The Hunger Games and running on the fumes of Christianity

We went to a sold-out 10:30 a.m. showing of The Hunger Games today.  Apparently this is a popular movie.  My wife is a librarian and likes to keep up with young adult literature.  I haven’t read the books or any reviews of the movie, so what I’ll offer here may have completely missed the point (that tends to happen when I analyze anything artistic — remind me to tell you about my paper on a poem back in freshman English and how much my professor  . . . er, uh . . . loved it.)

Without offering any spoilers about anything not shown in the first 60 seconds of the movie, it was a bit like The Lottery by Shirley Jackson.  Kent Brockman of The Simpsons summarized that in a pithy way: “A chlling tale of conformity gone mad.”  People are randomly selected to die to offer some sort of benefit for the greater good of the community.  Hey, what could go wrong with that?!

Side note: I had a fun 10th grade English teach that had us recreate the killing from The Lottery, only with wads of paper instead or rocks.  One person was randomly selected from each row, then one of those people was picked to stand in the corner while everyone threw paper wads at her.  Good times.

Back to the movie.  I assume that it was some sort of cautionary tale about what might happen.  But I didn’t see it as futuristic, but historical (think Roman gladiators and feeding Christians to the lions) and contemporary (think video games, movies, ultimate fighting and, to a lesser extent, pro football).

One of the main mistakes any society makes is to ignore the reality of original sin.  They think we’ve evolved, when we’ve done no such thing.  Exhibit A: The ancients who wrote the Hippocratic Oath knew abortion was wrong. It was only in our “enlightened” times that we’ve rationalized away the immorality of killing innocent but unwanted human beings. Hey, even Planned Parenthood used to be pro-life.

So I didn’t see movies like The Hunger Games as warnings about what we might do.  We are already doing all sorts of horrific things and are blinded to their evil.

The only reason we haven’t descended further into mayhem is that we are running on the fumes of Christianity, but those are dissipating as I write this.  No matter how hard they try, secularists cannot ground morality in their molecules-to-man worldview.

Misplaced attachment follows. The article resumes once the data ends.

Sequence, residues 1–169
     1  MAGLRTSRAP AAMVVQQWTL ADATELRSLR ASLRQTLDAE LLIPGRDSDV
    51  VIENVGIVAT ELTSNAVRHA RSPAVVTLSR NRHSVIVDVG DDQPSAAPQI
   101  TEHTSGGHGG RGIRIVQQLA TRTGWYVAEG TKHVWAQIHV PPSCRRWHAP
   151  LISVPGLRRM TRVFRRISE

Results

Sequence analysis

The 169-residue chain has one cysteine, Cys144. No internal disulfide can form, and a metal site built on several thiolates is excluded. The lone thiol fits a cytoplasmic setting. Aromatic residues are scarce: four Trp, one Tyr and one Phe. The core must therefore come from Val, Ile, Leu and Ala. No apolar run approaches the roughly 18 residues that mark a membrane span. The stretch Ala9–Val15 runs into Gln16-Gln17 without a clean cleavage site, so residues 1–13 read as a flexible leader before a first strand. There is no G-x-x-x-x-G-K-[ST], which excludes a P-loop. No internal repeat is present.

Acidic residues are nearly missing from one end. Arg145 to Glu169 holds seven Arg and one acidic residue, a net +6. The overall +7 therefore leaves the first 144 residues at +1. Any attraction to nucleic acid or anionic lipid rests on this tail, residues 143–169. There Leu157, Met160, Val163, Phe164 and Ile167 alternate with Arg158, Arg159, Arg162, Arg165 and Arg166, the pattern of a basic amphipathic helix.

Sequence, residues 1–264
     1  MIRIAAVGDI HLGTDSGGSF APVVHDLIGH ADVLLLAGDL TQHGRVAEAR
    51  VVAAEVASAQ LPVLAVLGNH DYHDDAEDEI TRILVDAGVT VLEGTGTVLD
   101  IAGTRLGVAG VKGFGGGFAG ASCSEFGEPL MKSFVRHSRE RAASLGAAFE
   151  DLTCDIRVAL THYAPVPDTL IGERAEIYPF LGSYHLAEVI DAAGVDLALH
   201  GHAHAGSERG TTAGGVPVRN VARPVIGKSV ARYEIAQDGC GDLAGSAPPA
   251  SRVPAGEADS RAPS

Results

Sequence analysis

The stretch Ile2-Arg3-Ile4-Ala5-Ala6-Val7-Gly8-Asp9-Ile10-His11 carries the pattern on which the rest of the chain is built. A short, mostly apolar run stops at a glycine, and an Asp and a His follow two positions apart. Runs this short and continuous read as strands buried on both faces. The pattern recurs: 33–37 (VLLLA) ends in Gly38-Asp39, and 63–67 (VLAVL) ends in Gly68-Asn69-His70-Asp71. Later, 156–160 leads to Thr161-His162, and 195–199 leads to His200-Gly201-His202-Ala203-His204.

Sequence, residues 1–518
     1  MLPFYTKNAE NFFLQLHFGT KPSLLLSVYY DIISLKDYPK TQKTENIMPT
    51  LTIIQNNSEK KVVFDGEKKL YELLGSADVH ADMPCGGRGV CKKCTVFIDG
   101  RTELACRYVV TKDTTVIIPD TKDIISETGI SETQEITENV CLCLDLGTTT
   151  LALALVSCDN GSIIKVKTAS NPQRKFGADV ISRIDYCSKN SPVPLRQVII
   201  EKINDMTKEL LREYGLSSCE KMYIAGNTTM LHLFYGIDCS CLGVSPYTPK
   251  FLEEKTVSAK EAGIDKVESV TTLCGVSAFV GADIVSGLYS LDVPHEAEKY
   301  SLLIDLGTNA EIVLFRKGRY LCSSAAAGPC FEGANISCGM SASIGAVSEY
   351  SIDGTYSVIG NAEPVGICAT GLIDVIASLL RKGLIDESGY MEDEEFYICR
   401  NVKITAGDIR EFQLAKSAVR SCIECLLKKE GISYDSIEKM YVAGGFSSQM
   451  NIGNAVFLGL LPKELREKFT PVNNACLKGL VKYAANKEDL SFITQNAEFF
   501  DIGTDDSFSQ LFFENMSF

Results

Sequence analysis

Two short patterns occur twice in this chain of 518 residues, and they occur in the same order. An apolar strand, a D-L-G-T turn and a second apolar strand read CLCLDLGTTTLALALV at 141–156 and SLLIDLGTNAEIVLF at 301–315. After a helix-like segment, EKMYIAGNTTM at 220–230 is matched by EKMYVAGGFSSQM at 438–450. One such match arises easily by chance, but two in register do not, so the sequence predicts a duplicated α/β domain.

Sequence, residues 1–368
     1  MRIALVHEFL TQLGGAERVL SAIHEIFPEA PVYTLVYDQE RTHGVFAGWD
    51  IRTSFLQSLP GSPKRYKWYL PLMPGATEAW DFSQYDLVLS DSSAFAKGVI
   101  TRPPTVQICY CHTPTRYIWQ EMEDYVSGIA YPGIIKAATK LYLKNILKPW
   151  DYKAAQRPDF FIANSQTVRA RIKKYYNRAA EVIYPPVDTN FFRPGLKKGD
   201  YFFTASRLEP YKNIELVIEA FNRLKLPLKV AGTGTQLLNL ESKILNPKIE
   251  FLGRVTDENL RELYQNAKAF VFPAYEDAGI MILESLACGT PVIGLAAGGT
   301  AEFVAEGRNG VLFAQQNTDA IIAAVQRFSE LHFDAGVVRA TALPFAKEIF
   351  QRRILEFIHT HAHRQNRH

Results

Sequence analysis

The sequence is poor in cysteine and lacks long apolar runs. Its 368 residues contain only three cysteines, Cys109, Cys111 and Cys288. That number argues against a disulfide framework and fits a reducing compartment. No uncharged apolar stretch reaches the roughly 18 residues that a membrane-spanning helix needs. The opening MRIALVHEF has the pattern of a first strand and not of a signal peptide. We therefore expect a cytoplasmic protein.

Everyone knows moral laws exist (see Romans 2-3) but so many people deny God in their rebellion against him (see Romans 1).  When you reject God then, as the saying goes, everything is permissible.  People may deny Christianity, but if they understood history they would realize it under girds the few moral truths they have left (even though they wildly misinterpret those truths).

My prayer is that believers will abandon the prosperity gospel, theologically liberal (read: fake) churches and other falsehoods and man up to share the truth of the real Gospel in love.

P.S. I enjoyed the movie.  Good acting and story line.  Now we need to see October Baby and I will have fulfilled my quota of two visits to the movie theater per year.

P.S.S. I have now read a couple reviews of the movie.  Good review of the movie from a Christian perspective here.  Warning: Plot spoilers.  I also noted from other reviews that the movie works better if you’ve read the books.  I realize that is sort of a “duh” statement, but some of the criticisms of the movie wouldn’t apply to the book.

13 thoughts on “The Hunger Games and running on the fumes of Christianity

  1. I’ve read several reviews and this type of movie isn’t what I’d spend my time on, and I really don’t think we should be allowing our kids to watch it. We have friends with 12-year-olds who have read all the books and will now be watching the movie. I like Debbie Schlussel’s review – she doesn’t take any prisoners. http://www.debbieschlussel.com/48324/the-hunger-games-long-boring-unoriginal-feminist-snuff-film-marketed-to-kids/

    This one was also posted today, but it is more about the books:

    http://www.carylmatrisciana.com/site/index.php?option=com_content&view=article&id=343:a-review-of-the-hunger-games&catid=43:entertainment&Itemid=54

    • Off topic, but I’m all done with Debbie Schlussel. I don’t think that woman has ever seen a movie she liked.

      I used to spend some time at her site, and she was busy ripping the Fox News network up one side and down the other because it never says anything critical of Rupert Murdoch, the guy who (she says) “owns” FOX. She went on to complain that it (of course) biases its reporting and that Murdoch is laughing about it all the way to the bank.